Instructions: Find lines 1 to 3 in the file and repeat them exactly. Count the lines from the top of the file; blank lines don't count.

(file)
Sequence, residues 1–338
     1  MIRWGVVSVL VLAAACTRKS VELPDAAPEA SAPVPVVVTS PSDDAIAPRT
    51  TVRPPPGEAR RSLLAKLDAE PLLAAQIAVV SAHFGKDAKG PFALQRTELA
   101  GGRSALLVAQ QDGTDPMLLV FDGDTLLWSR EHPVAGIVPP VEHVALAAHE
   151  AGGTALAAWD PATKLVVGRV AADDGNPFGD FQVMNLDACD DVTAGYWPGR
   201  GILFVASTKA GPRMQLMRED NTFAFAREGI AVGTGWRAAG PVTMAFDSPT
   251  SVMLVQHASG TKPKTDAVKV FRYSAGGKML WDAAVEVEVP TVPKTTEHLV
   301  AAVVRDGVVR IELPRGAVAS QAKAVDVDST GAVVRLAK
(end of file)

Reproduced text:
Sequence, residues 1–338
     1  MIRWGVVSVL VLAAACTRKS VELPDAAPEA SAPVPVVVTS PSDDAIAPRT
    51  TVRPPPGEAR RSLLAKLDAE PLLAAQIAVV SAHFGKDAKG PFALQRTELA